If Noah Preminger was a painter, he wouldn’t be Pollock: he’d be Paul Klee, maybe. Last night, in his Jazz Standard debut as a bandleader, what the tenor saxophonist left unsaid wasn’t as interesting as what he played, but it created many, many moments of suspense, most of them brief, some more lingering. It’s impressive enough not to overplay, but Preminger’s use of space is pretty extraordinary. His playing on his new album Before the Rain – whose release he was celebrating last night – is judicious, but onstage he chose his spots with an artful gambler’s resolve. Figuring out what was composed and what he was making made up on the spot was often impossible to tell. And for a relatively young guy (he’s a couple of years out of conservatory) to get a band of veterans as good as the crew he has on the album to back him speaks more than any review could. Early on, he pitched a few riffs that pianist Frank Kimbrough playfully swatted at, but otherwise this was less a clinic in interplay than simply good listening. During his bandmates’ solos, Preminger watched intently, but not with anticipation – he was picking up ideas.

And what the group ran out there was every bit as interesting as what Preminger did himself. Drummer Matt Wilson is always inspiring to watch, but this time out he had the counterintuitivity meter pinned in the red. On the blithely catchy Quickening, a Kimbrough tune from the new record, he took a solo that began as a fugue of sorts, morphed into clave and then a winkingly circular riff that he looped over and over. Otherwise, he’d introduce an unexpected shuffle, prowl around rubato while bassist John Hebert held the rhythm, or the one time that Hebert finally veered off the end of the runway, Wilson pounced and saved the song from a certain dip in the Hudson.

Hebert’s lines were every bit as invigorating, and invigorated, as Wilson’s. On the set’s next-to-last number, catchy but wary with a distant bolero feel, he worked the fringes from a pedal note to a percussive yet tuneful frenzy where it looked like he might break a string. As the band wound their way with an unselfconscious casualness into the warmly inviting first song, a Preminger composition simply titled K, he held the center while Wilson and Preminger slipped around in search of a firm footing; later, when the moment called for it, he’d slip a chord or two into a lull, the effect being as if he’d hit an overdrive pedal. And Kimbrough was his usual lyrical, expressive self, whether playing hide-and-seek with the inner Mexican folk song hidden within Ornette Coleman’s Toy Dance, adding bracing phantasmagorical touches on the next-to-last song of the set or artfully evading any kind of resolution on an otherwise surprisingly straight-up version of the vivid Preminger ballad Before the Rain. They closed the set with a gently lyrical, meticulous version of Rodgers and Hart’s Where or When that brought to mind Brubeck’s calm, bucolic version of Georgia on My Mind, a comfortable landing that drew raucous applause from what looked to be a sold-out room. Preminger is back at the Jazz Standard with Fred Hersch (who has a very captivating solo album recorded at the Vanguard, just out) on March 4-5.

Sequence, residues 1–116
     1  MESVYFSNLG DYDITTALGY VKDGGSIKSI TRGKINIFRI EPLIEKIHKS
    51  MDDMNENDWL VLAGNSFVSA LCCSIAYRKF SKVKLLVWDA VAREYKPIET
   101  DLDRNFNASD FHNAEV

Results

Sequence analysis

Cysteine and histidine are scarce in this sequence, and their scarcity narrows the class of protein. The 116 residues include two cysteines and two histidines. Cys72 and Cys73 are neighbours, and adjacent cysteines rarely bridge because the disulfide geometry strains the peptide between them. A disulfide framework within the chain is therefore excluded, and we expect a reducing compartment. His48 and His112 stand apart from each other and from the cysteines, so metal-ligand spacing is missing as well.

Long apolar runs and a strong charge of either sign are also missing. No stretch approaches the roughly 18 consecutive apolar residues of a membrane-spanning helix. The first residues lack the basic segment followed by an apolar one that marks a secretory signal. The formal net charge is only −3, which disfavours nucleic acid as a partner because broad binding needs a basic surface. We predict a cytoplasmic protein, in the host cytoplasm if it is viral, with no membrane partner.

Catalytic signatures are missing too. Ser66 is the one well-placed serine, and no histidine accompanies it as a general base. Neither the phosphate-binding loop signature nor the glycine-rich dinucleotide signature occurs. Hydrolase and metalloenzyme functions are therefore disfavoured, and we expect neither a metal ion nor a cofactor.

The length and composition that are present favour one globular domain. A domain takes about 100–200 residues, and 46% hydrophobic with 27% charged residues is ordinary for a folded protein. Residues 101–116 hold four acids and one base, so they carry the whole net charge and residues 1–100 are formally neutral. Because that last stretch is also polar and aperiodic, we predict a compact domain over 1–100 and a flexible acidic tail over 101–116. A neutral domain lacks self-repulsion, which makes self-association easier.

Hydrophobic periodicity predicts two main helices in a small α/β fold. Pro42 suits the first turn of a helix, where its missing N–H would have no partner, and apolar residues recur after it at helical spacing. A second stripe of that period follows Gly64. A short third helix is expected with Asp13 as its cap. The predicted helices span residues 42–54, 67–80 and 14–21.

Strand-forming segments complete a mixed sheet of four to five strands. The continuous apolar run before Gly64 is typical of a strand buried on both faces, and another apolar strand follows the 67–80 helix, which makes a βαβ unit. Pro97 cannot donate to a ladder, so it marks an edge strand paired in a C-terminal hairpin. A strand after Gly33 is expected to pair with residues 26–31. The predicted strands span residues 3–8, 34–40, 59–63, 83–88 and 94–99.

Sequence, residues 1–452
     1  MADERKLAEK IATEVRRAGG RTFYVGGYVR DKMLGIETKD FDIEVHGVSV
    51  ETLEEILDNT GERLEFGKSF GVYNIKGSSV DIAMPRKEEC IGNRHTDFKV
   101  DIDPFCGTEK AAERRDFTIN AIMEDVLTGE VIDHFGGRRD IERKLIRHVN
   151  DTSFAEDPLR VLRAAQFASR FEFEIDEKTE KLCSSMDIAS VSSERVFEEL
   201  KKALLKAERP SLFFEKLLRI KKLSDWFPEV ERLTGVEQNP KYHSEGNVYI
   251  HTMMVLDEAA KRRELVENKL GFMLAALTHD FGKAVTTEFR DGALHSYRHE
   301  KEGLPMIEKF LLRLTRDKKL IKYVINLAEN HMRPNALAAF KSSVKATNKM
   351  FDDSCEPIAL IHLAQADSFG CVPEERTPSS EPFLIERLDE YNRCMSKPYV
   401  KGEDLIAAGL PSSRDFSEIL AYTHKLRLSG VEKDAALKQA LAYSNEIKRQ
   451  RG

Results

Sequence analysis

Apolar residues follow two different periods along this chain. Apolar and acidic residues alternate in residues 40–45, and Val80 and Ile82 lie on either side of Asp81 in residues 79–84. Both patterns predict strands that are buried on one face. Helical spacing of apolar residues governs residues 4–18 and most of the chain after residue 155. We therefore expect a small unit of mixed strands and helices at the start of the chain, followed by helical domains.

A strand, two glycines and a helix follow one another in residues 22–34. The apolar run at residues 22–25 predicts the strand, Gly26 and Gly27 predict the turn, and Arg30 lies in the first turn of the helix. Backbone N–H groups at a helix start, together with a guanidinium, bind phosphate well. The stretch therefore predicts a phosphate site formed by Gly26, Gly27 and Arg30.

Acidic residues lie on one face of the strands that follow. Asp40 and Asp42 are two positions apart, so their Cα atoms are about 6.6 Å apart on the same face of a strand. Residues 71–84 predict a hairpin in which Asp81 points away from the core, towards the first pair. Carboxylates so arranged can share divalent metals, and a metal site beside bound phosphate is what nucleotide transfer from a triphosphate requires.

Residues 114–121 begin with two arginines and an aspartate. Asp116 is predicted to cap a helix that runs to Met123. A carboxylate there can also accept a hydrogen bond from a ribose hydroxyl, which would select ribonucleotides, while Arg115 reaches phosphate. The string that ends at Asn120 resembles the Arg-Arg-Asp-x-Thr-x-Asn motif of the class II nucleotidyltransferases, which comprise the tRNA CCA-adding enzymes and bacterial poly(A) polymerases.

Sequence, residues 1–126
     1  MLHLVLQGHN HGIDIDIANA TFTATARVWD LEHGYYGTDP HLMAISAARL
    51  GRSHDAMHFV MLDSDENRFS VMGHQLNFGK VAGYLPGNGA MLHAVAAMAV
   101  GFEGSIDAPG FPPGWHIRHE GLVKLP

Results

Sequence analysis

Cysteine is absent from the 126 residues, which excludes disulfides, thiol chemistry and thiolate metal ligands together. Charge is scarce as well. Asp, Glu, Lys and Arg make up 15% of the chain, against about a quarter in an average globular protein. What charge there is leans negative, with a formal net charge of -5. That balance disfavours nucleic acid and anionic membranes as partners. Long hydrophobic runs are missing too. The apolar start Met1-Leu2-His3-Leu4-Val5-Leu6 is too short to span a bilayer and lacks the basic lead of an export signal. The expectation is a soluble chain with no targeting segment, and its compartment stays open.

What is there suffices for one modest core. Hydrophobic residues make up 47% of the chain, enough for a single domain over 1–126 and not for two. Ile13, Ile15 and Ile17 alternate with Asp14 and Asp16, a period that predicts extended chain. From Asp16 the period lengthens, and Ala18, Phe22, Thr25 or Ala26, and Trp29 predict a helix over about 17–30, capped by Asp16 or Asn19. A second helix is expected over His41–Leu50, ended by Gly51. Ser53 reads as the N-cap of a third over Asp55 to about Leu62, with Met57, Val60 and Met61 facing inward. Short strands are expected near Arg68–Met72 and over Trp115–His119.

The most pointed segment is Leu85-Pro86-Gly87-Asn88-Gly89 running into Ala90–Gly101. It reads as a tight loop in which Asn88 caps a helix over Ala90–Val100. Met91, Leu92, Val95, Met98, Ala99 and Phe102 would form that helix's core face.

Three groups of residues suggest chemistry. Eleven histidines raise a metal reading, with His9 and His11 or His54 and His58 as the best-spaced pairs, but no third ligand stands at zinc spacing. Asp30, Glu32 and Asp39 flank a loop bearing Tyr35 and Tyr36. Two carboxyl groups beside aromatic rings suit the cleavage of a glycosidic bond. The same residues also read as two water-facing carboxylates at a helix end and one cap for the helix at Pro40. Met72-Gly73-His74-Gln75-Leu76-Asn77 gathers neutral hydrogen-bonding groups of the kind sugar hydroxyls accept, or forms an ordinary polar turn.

February 17, 2011 Posted by | concert, jazz, Live Events, Music, music, concert, New York City, review, Reviews | , , , , , , , , , , , , , , , , , , , | Leave a comment